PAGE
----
National

Abe between rock and hard place after Putin nabs Crimea

by Reiji Yoshida

Staff Writer

Russia’s deployment of troops on the Crimean Peninsula in Ukraine put Japan in a difficult position Monday, as Tokyo, which has tried to build closer ties with Moscow, joined its Group of Seven counterparts to issue a statement strongly condemning Russia.

Prime Minister Shinzo Abe has tried to deepen Japan’s relationship with Russia in recent months, hoping to expand economic relations with the resource-rich nation and promote talks over the long-standing territorial row over the four Russian-held islands north of Hokkaido.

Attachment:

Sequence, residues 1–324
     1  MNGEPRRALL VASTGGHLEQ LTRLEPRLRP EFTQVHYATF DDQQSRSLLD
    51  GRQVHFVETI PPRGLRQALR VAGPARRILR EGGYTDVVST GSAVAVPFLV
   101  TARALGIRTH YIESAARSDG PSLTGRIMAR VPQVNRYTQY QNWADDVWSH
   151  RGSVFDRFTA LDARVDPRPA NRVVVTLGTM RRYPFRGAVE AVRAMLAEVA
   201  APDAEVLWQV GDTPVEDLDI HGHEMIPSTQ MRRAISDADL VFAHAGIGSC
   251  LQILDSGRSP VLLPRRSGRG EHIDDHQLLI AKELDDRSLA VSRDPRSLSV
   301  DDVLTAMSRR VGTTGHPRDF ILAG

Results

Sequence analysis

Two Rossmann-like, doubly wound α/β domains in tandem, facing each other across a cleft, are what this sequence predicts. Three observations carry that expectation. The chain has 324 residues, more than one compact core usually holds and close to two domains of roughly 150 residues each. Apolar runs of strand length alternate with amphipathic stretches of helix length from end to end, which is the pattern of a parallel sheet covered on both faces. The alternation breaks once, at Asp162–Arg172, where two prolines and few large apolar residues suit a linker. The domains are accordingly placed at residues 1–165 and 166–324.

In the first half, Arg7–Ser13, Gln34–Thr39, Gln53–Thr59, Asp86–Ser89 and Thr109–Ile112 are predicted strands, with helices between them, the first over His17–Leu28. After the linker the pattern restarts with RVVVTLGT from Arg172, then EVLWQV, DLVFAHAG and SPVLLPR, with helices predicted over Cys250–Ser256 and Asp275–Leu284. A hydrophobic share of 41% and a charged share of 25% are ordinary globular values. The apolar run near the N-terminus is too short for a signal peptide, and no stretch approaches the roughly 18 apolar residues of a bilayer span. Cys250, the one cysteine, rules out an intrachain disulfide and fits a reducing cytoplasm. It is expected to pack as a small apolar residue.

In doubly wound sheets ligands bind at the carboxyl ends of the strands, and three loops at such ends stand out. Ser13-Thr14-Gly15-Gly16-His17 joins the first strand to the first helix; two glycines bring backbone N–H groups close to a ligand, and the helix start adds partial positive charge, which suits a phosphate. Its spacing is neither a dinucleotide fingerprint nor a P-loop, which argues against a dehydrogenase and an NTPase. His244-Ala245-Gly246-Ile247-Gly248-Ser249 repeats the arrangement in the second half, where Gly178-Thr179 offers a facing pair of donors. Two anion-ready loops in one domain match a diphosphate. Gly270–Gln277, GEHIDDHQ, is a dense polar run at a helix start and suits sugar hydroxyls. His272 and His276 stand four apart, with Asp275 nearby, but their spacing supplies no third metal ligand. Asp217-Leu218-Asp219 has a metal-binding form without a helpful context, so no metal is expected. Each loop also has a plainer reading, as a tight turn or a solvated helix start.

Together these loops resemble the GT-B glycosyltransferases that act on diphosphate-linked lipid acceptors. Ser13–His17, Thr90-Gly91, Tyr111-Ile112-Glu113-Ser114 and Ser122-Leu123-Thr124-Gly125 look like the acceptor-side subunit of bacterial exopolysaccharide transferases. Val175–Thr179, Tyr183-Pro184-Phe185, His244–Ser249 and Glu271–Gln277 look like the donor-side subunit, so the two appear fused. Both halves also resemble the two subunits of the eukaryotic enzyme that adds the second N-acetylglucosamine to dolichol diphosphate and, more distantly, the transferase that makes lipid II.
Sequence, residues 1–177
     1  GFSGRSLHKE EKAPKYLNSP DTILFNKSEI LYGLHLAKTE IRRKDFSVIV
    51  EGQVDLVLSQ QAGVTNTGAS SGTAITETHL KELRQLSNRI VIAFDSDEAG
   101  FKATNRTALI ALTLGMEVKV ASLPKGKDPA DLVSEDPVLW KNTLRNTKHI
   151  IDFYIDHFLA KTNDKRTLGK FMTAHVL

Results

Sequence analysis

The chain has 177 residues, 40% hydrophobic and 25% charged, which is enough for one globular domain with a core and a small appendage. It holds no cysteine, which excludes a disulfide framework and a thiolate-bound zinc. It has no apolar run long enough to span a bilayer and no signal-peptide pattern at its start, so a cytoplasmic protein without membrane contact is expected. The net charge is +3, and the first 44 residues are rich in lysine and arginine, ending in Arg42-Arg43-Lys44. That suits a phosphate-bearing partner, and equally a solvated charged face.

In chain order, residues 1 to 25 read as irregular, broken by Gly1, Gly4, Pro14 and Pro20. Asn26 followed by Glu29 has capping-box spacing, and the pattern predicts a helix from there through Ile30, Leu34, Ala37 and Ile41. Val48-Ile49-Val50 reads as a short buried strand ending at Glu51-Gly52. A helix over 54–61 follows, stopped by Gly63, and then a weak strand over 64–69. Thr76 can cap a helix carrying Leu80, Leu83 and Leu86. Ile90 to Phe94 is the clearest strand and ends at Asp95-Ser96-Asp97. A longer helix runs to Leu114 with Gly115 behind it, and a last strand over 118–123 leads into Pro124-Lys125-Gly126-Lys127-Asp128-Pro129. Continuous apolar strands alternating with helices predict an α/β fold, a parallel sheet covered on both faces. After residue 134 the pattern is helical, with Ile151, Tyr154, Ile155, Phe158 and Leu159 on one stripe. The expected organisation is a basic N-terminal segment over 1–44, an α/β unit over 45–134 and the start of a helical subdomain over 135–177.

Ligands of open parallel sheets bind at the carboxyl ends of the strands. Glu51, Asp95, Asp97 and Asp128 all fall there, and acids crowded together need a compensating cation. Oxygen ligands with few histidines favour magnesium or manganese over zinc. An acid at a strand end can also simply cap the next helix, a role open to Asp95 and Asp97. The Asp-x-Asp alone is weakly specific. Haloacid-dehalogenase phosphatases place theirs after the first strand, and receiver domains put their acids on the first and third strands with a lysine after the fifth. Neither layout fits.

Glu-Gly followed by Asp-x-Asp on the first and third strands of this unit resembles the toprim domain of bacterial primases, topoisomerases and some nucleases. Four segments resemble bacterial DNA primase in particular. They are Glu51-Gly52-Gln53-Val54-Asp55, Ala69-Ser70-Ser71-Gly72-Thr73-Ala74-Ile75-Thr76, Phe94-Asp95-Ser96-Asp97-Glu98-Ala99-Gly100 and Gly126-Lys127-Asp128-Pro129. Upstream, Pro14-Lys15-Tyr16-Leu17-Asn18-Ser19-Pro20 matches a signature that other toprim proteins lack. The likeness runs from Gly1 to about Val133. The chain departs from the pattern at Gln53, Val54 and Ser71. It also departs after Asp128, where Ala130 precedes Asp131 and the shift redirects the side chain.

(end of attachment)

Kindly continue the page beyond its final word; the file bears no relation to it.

But the G-7 statement, jointly issued by Canada, France, Germany, Italy, Japan, Britain and the United States, condemned Russia for “clear violation of the sovereignty and territorial integrity of Ukraine.”

Asked whether Tokyo will keep expanding economic and political ties with Russia, Chief Cabinet Secretary Yoshihide Suga ducked the question during a daily press briefing.

“Our country hopes all the parties involved will behave carefully with self-restraint and responsibility,” Suga said.

Since taking office in December 2012, Abe has held summit talks with Vladimir Putin five times, which is an unusually high number.

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